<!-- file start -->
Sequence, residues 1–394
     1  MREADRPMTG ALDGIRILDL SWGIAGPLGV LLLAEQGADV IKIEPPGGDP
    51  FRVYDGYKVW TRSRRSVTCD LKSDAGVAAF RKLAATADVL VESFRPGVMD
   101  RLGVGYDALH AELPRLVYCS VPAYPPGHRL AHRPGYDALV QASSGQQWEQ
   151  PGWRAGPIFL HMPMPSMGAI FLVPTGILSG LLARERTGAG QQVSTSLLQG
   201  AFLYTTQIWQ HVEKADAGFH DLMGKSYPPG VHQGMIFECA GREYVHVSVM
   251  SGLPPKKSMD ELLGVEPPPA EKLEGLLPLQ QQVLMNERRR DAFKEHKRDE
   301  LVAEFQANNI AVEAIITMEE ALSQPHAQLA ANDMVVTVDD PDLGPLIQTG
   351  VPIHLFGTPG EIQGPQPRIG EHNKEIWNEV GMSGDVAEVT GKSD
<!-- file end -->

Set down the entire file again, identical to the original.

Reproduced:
Sequence, residues 1–394
     1  MREADRPMTG ALDGIRILDL SWGIAGPLGV LLLAEQGADV IKIEPPGGDP
    51  FRVYDGYKVW TRSRRSVTCD LKSDAGVAAF RKLAATADVL VESFRPGVMD
   101  RLGVGYDALH AELPRLVYCS VPAYPPGHRL AHRPGYDALV QASSGQQWEQ
   151  PGWRAGPIFL HMPMPSMGAI FLVPTGILSG LLARERTGAG QQVSTSLLQG
   201  AFLYTTQIWQ HVEKADAGFH DLMGKSYPPG VHQGMIFECA GREYVHVSVM
   251  SGLPPKKSMD ELLGVEPPPA EKLEGLLPLQ QQVLMNERRR DAFKEHKRDE
   301  LVAEFQANNI AVEAIITMEE ALSQPHAQLA ANDMVVTVDD PDLGPLIQTG
   351  VPIHLFGTPG EIQGPQPRIG EHNKEIWNEV GMSGDVAEVT GKSD